“We’re talking Darrelle Revis Jets-to-Buccaneers type of deal,” Garafolo said. “That’s what’s going to get this thing done.”
According to Garafolo, no team has come close to offering Seattle this kind of compensation for Sherman up to this point.
Assuming the Seahawks retain Sherman, Garafolo doesn’t anticipate any issues between the two parties next year, despite all of the trade talk that’s been circulating this offseason.
Last week, ESPN’s Adam Schefter said that it’s his understanding that Sherman was actually the one who initiated the trade talks.
“It has been my understanding all along that Richard Sherman was the one who initiated this,” Schefter said on Sportscenter, per Sheil Kapadia. “He was the one that wanted to be traded initially. The Seahawks were obliging him and his request.”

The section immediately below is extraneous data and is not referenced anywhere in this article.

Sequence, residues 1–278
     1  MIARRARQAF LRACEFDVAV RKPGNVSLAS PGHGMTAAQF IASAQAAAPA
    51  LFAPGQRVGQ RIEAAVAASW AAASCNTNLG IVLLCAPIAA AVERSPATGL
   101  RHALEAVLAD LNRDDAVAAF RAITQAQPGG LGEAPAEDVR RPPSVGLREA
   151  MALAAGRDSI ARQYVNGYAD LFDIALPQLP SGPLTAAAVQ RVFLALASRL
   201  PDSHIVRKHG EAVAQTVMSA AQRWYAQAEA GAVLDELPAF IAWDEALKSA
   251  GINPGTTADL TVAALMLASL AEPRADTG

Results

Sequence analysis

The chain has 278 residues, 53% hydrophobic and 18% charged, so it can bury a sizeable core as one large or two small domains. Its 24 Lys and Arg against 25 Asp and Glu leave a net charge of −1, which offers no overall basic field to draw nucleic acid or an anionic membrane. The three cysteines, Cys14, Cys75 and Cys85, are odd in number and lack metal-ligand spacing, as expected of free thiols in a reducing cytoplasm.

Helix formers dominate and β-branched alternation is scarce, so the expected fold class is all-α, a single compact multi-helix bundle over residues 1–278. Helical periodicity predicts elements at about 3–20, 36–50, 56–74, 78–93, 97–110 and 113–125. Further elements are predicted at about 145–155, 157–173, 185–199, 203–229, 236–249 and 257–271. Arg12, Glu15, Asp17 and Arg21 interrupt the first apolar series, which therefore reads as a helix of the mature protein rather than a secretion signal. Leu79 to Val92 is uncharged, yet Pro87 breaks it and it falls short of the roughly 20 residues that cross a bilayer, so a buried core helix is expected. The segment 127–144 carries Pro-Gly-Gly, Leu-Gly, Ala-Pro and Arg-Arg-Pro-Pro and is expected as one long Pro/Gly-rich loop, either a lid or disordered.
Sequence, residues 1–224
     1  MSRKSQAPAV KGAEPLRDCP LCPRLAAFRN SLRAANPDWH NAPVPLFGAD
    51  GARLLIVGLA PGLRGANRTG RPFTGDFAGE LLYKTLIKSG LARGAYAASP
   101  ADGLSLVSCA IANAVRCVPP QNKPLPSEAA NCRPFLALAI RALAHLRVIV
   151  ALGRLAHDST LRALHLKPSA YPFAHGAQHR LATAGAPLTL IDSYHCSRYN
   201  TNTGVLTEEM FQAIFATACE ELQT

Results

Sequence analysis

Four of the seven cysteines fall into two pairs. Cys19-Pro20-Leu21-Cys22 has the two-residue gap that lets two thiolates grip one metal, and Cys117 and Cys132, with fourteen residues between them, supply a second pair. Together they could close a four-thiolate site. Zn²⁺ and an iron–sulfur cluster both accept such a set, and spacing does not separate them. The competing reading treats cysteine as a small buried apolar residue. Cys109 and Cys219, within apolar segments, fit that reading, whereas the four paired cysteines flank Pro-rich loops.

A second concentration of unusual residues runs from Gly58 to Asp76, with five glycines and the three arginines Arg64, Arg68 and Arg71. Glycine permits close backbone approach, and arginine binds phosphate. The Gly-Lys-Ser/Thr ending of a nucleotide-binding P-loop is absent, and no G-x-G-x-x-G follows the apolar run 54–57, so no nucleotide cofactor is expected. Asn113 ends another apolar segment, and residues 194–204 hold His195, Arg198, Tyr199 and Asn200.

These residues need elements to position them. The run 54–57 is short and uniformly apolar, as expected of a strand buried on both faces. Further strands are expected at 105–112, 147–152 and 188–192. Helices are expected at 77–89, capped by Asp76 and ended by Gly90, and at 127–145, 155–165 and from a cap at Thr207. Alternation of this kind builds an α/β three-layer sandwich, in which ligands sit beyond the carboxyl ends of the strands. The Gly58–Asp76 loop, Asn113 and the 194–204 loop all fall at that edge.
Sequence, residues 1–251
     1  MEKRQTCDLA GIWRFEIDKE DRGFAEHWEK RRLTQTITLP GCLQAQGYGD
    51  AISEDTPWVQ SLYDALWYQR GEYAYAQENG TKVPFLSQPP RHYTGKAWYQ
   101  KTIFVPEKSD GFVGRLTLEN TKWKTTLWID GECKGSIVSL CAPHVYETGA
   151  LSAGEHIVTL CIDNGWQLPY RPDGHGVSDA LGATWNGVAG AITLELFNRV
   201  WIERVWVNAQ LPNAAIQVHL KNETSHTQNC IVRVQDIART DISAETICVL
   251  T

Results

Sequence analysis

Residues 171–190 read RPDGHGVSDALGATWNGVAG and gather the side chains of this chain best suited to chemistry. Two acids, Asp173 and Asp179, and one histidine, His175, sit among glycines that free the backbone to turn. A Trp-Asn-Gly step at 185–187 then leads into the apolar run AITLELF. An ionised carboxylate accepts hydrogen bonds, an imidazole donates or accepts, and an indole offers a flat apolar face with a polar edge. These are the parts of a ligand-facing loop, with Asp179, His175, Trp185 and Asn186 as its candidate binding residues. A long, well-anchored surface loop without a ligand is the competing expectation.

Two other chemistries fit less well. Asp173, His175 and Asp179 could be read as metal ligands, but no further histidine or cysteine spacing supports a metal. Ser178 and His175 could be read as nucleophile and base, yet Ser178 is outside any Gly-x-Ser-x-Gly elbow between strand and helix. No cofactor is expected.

Sherman previously told Albert Breer of TheMMQB.com that there’s “very little chance” of a trade happening and he has no issues with the Seahawks.
“Very little chance it happens, but both sides are listening,” Sherman told Breer. “I honestly don’t have much more to say about it than what I’ve already said. We have a great relationship. … There is a lot of love and respect. There is no bad blood.”
Sherman, 28, is a former fifth-round pick of the Seahawks back in 2011. He’s currently in the fourth years of his five-year, $58.789 million contract that includes $40 million guaranteed and stands to make base salaries of $11.431 million and $11 million over the final two years of the agreement.
According to OverTheCap.com, trading Sherman would free up $9,231,000 of available cap space while creating $4,400,000 in dead money.
In 2016, Sherman appeared in all 16 games and recorded 58 tackles, four interceptions, a fumble recovery and 13 pass defenses. Pro Football Focus has him rated as the No. 13 cornerback out of 112 qualifying players.
We’ll have more regarding a potential Sherman trade as the news is available.